There are several events on the agenda in autumn that can help you get to know the region better. One absolute must and three events you’ll certainly enjoy.
Frankfurt Book Fair, 16 to 20 October, 2019
In mid-October Frankfurt will once again become the global capital of intellectual property. That at least is the ambition of Frankfurt Book Fair: after all, the content of books is increasingly becoming a coveted commodity for an expanding media industry. A visit by the Norwegian royals, Crown Prince Haakon and his wife Mette-Marit will add a special touch of glamour to this year’s fair. They are coming as “ambassadors” for the guest nation Norway. And there will also be a number of exciting authors like Karl Ove Knausgard, who has founded his own literary genre.
Federweißer Wine Festival, 25 to 27 October, 2019
Rüdesheim am Rhein is the embodiment of German wine. Every year more than a million tourists flock to the idyllic town in the Rheingau region with just 10,000 inhabitants. With a view to making certain it stays that way, years ago some clever locals visiting Munich’s October Festival of all places came up with the idea of organizing their own autumn festival. The Federweißer Wine Festival has since existed for over 30 years. It still centres on Federweißer, a young partially fermented white wine that got its name because of the suspended sediments that float light as feathers or “federleicht” in the pressed grape juice.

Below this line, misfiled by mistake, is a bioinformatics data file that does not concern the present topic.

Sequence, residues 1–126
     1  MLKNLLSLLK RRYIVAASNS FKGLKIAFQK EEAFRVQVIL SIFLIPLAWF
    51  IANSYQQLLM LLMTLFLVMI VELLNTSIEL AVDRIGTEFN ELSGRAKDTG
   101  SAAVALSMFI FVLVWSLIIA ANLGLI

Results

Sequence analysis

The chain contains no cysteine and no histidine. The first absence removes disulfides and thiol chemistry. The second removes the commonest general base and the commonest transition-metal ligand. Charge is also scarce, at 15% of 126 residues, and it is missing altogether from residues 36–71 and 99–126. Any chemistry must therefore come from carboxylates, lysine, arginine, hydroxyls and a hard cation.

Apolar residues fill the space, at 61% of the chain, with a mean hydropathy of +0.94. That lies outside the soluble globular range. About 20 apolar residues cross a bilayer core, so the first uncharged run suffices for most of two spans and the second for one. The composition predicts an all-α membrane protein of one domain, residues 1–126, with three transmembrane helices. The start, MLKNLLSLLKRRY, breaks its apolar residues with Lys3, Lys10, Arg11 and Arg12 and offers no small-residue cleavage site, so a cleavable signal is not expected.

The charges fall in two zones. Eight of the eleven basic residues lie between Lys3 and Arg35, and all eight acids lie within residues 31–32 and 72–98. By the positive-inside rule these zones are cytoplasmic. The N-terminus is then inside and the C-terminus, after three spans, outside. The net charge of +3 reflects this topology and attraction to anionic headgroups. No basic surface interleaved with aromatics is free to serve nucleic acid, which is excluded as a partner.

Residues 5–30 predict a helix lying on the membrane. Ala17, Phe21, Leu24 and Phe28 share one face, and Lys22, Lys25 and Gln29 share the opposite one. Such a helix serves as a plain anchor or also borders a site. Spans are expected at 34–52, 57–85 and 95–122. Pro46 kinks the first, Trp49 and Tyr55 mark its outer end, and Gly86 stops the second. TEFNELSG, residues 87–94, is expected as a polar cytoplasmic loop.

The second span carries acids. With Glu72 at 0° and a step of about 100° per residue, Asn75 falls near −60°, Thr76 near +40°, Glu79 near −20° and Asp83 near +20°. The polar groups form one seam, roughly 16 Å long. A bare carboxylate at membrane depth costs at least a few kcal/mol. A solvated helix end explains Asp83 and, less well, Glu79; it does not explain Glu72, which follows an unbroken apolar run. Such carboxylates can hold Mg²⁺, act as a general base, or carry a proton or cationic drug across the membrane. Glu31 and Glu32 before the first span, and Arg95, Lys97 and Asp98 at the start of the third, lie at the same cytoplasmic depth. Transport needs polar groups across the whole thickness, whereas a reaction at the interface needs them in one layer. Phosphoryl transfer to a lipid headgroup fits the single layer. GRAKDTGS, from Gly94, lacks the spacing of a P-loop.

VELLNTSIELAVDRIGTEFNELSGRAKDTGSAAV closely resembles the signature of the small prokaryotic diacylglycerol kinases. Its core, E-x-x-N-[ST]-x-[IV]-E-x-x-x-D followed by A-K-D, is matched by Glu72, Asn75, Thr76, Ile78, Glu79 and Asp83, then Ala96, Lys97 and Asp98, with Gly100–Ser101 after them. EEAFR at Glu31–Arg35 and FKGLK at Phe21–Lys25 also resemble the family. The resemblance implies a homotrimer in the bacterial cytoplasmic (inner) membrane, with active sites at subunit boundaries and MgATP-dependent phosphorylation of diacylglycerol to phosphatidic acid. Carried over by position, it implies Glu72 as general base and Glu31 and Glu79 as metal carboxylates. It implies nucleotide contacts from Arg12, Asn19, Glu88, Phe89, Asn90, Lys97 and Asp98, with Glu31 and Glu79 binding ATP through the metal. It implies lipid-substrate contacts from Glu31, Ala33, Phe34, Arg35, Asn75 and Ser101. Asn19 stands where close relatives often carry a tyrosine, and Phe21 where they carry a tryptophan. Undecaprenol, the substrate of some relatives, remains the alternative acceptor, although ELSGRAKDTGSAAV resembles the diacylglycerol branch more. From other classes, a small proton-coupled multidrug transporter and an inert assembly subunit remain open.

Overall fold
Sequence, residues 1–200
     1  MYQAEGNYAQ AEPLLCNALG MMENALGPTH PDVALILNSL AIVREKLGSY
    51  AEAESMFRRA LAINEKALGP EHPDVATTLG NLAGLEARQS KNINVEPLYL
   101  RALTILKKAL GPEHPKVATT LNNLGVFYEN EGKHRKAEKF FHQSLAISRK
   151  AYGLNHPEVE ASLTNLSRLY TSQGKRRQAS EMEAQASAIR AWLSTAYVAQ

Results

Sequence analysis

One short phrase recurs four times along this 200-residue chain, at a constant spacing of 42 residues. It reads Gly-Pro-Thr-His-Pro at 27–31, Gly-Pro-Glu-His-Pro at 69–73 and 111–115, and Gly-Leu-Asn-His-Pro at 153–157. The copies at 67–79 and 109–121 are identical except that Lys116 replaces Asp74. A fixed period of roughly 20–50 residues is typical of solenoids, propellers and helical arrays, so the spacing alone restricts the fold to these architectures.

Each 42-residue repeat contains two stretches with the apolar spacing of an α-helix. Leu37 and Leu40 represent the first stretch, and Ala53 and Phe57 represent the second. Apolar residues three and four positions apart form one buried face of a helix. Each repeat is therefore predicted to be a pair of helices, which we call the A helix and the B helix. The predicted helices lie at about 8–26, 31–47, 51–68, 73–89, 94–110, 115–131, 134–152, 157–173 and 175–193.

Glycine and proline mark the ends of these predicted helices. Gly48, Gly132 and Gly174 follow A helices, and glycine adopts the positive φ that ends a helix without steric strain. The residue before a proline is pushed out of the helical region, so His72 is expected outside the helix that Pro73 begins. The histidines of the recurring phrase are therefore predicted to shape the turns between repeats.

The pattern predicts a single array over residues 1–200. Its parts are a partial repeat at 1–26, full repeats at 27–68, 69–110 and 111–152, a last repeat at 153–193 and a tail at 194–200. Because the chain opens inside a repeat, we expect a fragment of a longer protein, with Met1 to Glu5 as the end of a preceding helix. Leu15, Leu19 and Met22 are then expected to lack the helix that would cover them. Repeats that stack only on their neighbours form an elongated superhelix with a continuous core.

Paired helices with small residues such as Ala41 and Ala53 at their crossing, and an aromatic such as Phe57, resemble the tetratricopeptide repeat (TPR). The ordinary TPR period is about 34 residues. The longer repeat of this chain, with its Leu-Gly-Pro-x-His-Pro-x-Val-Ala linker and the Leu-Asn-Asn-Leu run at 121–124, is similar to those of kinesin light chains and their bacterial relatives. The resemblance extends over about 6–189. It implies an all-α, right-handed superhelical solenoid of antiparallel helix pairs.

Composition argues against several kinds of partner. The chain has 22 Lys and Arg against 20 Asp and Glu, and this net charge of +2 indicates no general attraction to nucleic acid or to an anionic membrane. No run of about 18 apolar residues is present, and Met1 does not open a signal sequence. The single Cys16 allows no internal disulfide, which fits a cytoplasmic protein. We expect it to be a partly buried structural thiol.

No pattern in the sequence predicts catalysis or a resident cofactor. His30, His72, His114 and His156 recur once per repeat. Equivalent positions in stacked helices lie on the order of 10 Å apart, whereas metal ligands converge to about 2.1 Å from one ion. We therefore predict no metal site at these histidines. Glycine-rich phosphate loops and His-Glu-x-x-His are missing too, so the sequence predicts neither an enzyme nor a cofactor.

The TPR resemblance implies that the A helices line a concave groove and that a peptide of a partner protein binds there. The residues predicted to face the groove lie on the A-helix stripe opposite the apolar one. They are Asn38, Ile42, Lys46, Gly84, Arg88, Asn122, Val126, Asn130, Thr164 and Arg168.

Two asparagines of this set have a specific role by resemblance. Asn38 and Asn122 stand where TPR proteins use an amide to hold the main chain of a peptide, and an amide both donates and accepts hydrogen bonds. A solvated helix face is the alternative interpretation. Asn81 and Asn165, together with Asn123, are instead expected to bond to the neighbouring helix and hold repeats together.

Kahlgrund distilleries open day, 27 October, 2019
The Kahlgrund, a picturesque strip of land on the border between Hessen and Bavaria, is known for its typical local specialities. And beyond the region it has made a name for itself as a centre for schnapps distillers, something that is celebrated once a year under the slogan “Kahlgrund distils”. A good dozen local distilleries open their doors and show how local fruits are transformed into fine brandies that have won many prizes. Naturally, guests can also enjoy a substantial meal.
Liebig’s Soup Festival, Gießen, 3 November, 2019
In the student city of Gießen the Soup Festival is a regular item on the annual agenda. In early November epicureans come into their own again when in downtown Gießen over a dozen stands offer numerous soups – from the classic pea, lentil or goulash soup through to an exotic banana curry soup. Every year Gießen’s festival honours Justus Liebig, the man the university is named after. In 1864 the chemist invented a life-saving “soup for babies”, a precursor of today’s baby food.